Discusses the distribution network within the country from how products enter to final destination, including reliability and condition of distribution.
There are two primary ways for U.S. goods to enter Chad. The first is via Douala, Cameroon, the nearest ocean port. Goods arrive by ship and are transported to Chad by road transport. Poor road infrastructure and slow customs clearance pose challenges to importers. The other is air freight to the international airport in N’Djamena. Goods also enter Chad from Sudan, and borders with Libya, Niger, Nigera, and CAR also facilitate the exchange of goods. Goods are distributed within Chad by road transport, and many roads are in poor condition. There is no rail service.
Many Chadian retailers procure goods in neighboring Libya, Cameroon, Sudan, and Nigeria, while others import from Europe, China, India, Saudi Arabia and other Middle Eastern countries, and North America. Most imported goods in this landlocked country transit the port of Douala (Cameroon), with some passing through Cotonou (Benin) and El Geneina (Sudan).
Retailing is predominantly informal. Retailers in N’Djamena and other major cities distribute durable goods such as new vehicles, machinery, and household appliances.
Using an Agent or Distributor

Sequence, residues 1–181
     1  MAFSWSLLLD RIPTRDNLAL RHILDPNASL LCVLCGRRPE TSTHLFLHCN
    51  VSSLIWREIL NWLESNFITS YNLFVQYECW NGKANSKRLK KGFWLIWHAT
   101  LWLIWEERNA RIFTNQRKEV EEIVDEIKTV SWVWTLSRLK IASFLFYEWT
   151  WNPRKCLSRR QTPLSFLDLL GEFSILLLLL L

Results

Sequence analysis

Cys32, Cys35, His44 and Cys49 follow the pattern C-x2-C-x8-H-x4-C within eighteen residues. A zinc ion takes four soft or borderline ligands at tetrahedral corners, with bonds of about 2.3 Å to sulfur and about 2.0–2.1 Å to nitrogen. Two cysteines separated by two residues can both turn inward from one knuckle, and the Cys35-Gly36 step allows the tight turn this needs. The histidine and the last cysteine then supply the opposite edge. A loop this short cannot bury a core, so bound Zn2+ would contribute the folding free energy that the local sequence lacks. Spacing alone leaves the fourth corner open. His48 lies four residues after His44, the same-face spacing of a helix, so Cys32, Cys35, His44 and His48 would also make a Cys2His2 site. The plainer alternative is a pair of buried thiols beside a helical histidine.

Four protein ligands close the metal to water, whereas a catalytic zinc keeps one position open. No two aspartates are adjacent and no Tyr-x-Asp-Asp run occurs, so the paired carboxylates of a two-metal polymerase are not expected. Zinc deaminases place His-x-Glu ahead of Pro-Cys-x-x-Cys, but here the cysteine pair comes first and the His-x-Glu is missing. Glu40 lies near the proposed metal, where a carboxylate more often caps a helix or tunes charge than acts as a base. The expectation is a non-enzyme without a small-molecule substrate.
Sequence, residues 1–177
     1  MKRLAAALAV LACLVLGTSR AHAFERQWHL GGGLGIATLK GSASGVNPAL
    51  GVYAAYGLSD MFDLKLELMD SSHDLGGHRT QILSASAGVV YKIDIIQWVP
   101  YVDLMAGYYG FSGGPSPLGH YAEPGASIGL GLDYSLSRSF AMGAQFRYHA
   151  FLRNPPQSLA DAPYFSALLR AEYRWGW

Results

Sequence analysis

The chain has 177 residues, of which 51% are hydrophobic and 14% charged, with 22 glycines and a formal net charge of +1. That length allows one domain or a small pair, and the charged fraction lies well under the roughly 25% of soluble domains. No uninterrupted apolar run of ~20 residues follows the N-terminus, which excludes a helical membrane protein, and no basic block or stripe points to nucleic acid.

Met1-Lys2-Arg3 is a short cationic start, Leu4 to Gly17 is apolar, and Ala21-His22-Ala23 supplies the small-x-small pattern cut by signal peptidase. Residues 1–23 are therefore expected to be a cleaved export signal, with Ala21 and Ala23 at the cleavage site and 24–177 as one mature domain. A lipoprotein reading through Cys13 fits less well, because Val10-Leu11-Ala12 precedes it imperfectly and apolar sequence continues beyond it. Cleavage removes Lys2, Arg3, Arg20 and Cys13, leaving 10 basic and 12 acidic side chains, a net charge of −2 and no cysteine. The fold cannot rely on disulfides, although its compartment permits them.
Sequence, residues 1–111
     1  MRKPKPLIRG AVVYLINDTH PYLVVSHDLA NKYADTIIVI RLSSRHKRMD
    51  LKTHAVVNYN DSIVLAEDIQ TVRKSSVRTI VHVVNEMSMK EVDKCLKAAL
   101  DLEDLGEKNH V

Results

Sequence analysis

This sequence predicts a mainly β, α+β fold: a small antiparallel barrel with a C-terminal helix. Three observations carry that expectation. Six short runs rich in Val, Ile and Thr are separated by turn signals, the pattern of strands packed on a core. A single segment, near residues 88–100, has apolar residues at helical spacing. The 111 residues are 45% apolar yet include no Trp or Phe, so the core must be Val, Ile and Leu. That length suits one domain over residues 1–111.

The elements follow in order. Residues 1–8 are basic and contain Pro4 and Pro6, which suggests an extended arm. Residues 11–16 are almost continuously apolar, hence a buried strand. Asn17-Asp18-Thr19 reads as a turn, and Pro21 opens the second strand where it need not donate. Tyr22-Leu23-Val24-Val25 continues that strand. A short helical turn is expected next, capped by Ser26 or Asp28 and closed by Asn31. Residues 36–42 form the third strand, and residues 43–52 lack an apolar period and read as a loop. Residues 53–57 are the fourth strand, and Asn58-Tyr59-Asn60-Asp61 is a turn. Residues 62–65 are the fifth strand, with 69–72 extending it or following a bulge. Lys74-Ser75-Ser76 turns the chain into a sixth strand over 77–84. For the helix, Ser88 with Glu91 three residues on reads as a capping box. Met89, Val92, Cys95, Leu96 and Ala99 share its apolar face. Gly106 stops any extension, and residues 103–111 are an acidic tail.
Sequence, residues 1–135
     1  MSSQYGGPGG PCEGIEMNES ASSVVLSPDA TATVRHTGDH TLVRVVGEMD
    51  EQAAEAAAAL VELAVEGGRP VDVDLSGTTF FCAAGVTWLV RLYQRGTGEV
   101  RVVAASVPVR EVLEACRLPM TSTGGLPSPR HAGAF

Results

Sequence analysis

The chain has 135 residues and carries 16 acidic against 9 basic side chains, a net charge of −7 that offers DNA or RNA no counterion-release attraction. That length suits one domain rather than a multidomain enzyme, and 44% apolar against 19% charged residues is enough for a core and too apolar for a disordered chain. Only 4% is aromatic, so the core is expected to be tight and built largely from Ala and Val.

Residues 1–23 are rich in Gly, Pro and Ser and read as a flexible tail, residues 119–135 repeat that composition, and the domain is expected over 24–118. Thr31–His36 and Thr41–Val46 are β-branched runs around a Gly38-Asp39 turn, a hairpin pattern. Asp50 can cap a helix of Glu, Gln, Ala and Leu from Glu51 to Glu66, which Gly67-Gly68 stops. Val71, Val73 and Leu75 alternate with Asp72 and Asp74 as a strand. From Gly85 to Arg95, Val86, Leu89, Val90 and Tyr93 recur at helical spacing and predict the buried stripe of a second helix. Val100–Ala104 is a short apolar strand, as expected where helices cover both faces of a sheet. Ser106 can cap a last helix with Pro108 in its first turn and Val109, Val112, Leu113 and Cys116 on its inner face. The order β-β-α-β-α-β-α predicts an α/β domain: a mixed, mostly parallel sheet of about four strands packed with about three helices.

Most U.S. products sold in Chad are marketed through agents or distributors, though it is not legally required to do so. U.S. products sold in Chad through distributors include CAT equipment, Ford vehicles, and Valvoline products. Coca-Cola distributes a complete range of products in Chad (Coke, Fanta, Sprite, etc.) under a licensing agreement with a domestic company. Import-export companies usually serve as agents or wholesale distributors for the products they import. Most importers are N’Djamena-based, although potential partners exist in Moundou, Sarh, and Abéché.
Establishing an Office
Prior to establishing an office, consult a lawyer.
The National Agency for Investment and Exports (ANIE) is another useful resource for new entrants to Chad.
There are few franchising agreements in Chad. The most prominent include Total gas stations, various banks, and international hotel brands.
Direct marketing is permitted in Chad.
The Government of Chad seeks joint ventures in targeted industries, including mining, abbatoirs, oil exploration, and agriculture. The government holds a stake in both the ExxonMobil-led Esso Exploration & Production Chad Inc. (EEPCI) consortium and the country’s lone refinery and seeks to develop local expertise and capital through joint ventures in major new projects. Small and medium enterprises are less likely to be required to enter into joint venture arrangements.
FedEx and DHL provide express delivery services in Chad. Due to poor road and transport infrastructure, express delivery is only practical to N’Djamena and several regional hubs with airports. Lengthy and cumbersome customs clearances may cause significant delays. Such delivery services are expensive.
U.S. businesses should conduct appropriate due diligence on their business partners and agents. The U.S. Commercial Service completes background checks via the International Company Profile service.